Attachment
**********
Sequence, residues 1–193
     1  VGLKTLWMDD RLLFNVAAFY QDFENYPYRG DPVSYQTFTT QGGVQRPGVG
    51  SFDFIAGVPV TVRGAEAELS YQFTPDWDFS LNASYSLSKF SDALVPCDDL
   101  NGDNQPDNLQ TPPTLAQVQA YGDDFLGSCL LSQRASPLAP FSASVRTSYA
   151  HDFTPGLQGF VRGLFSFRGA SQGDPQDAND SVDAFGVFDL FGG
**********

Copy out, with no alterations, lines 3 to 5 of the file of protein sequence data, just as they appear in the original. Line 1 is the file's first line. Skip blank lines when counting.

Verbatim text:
    51  SFDFIAGVPV TVRGAEAELS YQFTPDWDFS LNASYSLSKF SDALVPCDDL
   101  NGDNQPDNLQ TPPTLAQVQA YGDDFLGSCL LSQRASPLAP FSASVRTSYA
   151  HDFTPGLQGF VRGLFSFRGA SQGDPQDAND SVDAFGVFDL FGG